For a number of years now, I have been using vim as a lightweight IDE. The
ecosystem of vim addons is rich. There are numerous plugins for creating tags
to navigate a project, browse files in directories, highlight syntax and so on.
What really makes it an IDE is the ability to execute code within the context
I realize this probably sounds 'charming' to disciples of that other
text editor, but it might seem like an unnatural urge to my vim
correligionists. The piece that glues it all together is
easiest way to get conque in ubuntu is via
apt as follows:
sudo apt-get install vim-addon-manager vim-conque sudo vim-addons -w install conqueterm
The skinny on using conque is that you can visual-select code that you are
<F9>, and it will be transfered to the execution window,
newlines and all. So you can test out code while you are writing it. You
can also work the other way, testing out code in a REPL, then, when it is
working as expected, escape insert mode in the REPL, yank the working code to a
register, and copy it into the file you are working on.
Dockerfile or it didn't happen!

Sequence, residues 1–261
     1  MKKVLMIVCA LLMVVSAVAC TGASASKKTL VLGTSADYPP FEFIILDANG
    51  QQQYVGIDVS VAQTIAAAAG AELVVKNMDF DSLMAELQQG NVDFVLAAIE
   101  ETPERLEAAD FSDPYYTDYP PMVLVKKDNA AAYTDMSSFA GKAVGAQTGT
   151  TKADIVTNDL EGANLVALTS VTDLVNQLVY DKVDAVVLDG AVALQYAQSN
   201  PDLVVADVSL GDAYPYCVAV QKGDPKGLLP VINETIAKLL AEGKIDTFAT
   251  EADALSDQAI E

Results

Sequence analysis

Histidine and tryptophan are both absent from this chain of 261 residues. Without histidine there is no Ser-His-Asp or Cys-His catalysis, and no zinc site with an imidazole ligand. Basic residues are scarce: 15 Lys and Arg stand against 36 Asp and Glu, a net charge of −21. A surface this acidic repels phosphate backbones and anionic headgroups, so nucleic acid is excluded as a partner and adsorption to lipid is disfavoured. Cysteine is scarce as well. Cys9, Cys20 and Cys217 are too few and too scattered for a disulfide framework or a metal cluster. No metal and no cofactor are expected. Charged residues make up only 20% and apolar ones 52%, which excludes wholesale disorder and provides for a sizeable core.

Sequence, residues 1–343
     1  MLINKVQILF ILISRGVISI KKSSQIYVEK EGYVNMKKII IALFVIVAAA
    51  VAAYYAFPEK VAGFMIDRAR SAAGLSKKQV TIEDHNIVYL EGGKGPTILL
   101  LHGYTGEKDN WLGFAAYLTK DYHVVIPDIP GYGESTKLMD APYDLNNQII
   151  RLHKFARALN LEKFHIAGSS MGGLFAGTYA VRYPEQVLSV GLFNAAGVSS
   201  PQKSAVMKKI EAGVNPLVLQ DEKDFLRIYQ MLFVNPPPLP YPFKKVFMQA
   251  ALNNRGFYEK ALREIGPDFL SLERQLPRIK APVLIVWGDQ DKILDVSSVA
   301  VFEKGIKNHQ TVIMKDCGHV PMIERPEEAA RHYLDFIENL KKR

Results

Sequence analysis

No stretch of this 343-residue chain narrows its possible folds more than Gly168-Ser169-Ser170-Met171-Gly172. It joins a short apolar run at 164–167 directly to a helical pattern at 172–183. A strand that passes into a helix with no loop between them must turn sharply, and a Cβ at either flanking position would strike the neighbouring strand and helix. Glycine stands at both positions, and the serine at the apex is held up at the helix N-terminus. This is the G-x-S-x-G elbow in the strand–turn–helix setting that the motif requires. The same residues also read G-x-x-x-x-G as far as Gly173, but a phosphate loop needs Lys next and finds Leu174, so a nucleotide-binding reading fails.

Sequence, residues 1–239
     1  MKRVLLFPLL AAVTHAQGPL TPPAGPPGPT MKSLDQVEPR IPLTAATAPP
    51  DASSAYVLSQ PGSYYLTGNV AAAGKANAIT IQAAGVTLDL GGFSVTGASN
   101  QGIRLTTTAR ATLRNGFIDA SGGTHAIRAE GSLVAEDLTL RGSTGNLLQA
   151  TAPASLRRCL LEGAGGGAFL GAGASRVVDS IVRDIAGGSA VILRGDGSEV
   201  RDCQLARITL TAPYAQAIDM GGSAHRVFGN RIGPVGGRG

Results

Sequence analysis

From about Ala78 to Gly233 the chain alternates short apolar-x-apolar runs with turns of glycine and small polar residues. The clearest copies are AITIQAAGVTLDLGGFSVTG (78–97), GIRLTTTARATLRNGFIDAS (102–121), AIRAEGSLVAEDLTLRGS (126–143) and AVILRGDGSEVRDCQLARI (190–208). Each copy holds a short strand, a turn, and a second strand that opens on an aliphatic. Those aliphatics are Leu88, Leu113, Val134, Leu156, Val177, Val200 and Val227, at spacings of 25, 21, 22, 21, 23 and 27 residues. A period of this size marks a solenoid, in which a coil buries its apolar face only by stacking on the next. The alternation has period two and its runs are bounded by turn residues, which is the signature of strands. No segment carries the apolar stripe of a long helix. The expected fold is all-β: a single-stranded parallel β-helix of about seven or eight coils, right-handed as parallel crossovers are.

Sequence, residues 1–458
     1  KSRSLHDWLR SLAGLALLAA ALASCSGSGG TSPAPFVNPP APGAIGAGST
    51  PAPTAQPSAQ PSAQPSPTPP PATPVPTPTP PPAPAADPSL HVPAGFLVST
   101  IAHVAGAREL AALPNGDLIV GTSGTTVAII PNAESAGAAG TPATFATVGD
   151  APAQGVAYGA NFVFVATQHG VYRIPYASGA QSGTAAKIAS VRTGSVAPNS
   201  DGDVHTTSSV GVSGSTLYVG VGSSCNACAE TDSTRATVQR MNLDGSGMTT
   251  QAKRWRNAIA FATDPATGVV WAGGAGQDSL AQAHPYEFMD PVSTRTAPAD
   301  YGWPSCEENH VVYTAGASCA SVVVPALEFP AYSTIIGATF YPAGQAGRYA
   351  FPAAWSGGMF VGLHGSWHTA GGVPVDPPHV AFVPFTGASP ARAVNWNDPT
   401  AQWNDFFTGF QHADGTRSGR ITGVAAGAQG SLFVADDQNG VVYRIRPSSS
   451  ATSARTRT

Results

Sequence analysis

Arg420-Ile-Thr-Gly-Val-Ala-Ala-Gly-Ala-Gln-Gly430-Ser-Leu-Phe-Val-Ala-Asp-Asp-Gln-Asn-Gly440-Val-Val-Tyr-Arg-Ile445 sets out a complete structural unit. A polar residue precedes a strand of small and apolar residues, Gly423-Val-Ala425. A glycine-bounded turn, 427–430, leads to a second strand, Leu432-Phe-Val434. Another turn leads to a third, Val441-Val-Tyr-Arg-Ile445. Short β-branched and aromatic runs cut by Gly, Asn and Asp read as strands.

# this might take a little while to download docker pull shabbychef/vim-conque docker run --rm -it shabbychef/vim-conque
This will feel a bit odd: when you run the last command, you are in vim, but
you are in vim in a docker container. When you terminate, your changes will
not be saved (this is the
--rm flag). Directions are given in the file
on how to start conque with a screen session. If you then start
R, it will
look like this:
You can then grab some R code in the file you are editing, hit
<F9>, and it
will execute. (You might have to hit
<Enter> to get the last line to
execute.) You should get something like this:
Go back up to the file, visually select the next block:
(n.b. There's a screencast of this now at the very cool asciinema )
I started using vim as an IDE with matlab years ago. Matlab has a
nogui mode which is actually perfect for this kind of development: you can
run code in a command line REPL, but interact with graphs, the profiler, and
set graphical breakpoints and debug in separate windows. Most of the time you
are mouseless and working in vim, but can break out into GUI land when needed.
I now use vim as an IDE for R, shell-scripting, and MySQL. I would use it for developing python, but python's bizarre ideas about whitespace would require further hackery that I have not had the time or stomach to tackle.